The battle to save England’s chalk streams, one of the planet’s rarest habitats

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Conservationist Allen Beechey remembers a time, in the 1990s, when trout swam along the River Chess as it meandered through the centre of his home town of Chesham. “It was a gentle, reassuring sight and it helped trigger my love of nature,” Beechey said last week.

Then came the droughts, the river dried up – sometimes for several years at a stretch – and the fish died out. They have yet to come back to the Buckinghamshire town.

But Beechey has a dream that one day trout will return to this part of the river, which is one of most important chalk streams in England. It would be a signal that this critically important but highly endangered habitat was returning to good health after years of damage caused by increasing water abstraction and other threats.

Jake Rigg, of Affinity Water, on left, and Allen Beechey, by the River Chess.

These hopes were raised recently when the local water company, Affinity, announced it had stopped abstracting water from the Chess. Previously it had been taking out about 6m litres a day from the river from two pumping stations at Chesham and Chartridge, a nearby village. This abstraction has now been halted and water for the region is now being piped in from other areas of southern England, including regions close to the Thames.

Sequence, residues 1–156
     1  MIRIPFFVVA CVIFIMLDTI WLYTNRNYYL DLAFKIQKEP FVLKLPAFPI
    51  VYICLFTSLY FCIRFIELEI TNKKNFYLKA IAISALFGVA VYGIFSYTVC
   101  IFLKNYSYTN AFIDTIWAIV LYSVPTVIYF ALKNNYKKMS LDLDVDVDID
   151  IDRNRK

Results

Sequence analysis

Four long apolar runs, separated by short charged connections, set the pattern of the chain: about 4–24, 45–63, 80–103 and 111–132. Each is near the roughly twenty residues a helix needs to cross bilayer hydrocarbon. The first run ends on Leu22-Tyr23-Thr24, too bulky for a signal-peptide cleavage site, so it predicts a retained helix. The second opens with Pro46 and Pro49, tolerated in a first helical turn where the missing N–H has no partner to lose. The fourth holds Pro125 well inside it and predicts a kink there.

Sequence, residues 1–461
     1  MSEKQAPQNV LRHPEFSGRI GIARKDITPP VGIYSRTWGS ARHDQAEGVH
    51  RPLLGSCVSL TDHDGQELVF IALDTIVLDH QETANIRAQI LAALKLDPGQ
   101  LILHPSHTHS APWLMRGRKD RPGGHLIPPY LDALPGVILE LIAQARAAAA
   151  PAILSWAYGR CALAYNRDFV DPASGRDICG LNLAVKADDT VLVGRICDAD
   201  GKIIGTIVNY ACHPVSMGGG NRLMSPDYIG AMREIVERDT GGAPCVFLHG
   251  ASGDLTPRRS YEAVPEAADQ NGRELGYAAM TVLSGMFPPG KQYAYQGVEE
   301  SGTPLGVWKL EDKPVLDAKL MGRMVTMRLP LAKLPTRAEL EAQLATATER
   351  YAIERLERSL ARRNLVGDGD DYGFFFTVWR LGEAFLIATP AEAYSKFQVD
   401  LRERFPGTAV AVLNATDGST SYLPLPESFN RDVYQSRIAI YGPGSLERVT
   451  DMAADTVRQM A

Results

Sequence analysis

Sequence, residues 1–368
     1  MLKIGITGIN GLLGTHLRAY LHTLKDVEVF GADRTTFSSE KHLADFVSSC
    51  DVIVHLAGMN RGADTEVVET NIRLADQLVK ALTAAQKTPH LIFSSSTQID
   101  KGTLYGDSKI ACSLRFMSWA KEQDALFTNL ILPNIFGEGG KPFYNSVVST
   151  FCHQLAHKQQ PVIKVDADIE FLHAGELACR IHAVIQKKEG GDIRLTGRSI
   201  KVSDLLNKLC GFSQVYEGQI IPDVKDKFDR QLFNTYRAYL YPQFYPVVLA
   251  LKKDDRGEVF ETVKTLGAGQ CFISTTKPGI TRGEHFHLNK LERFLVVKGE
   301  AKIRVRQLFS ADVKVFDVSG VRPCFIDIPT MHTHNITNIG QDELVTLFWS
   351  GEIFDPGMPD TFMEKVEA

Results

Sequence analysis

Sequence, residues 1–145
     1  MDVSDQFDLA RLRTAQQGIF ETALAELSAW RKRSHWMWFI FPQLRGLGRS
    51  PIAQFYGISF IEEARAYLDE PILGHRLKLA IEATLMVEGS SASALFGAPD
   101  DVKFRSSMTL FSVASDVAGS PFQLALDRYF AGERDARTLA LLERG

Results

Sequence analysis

“We have reconfigured our network to bring in water from elsewhere and although this costs quite a bit of money, we recognise it is important to save this precious habitat,” said Jake Rigg, the head of corporate affairs and communities at Affinity Water.

Chalk streams are some of the planet’s rarest habitats and 85% of them are found in England. Of the 260 true chalk streams on Earth, 224 of them run through the English countryside, as listed in the WWF State of England’s Chalk Streams report of 2014, a reflection of the nation’s geology and its temperate climate. (France accounts for most other chalk streams including the Somme.) These streams emerge from underground chalk aquifers and typically flow over flinty gravel beds. This ensures their cleanliness but also endows them with dissolved iron and magnesium minerals.

Aquatic plants such as Flag Iris and Water Crowfoot thrive on their banks; the brilliant sulphur coloured Yellow Dun Mayfly and Green Drake Mayfly flourish in their ultra-clean waters; while otters, kingfishers and water voles make their homes there. They are the embodiment of the tranquillity of the English countryside. Kenneth Grahame’s Wind in the Willows unfolds around a chalk stream; Wordsworth, Rupert Brooke and Tennyson expressed their love of them; while Sir John Betjeman wrote of one, the Kennett: “When trout waved lazy in the clear chalk streams, Glory was in me …”

But like other rare habitats such as the rainforest and the coral reef, the chalk stream is also suffering from environmental threats – with two particular menaces causing most worry.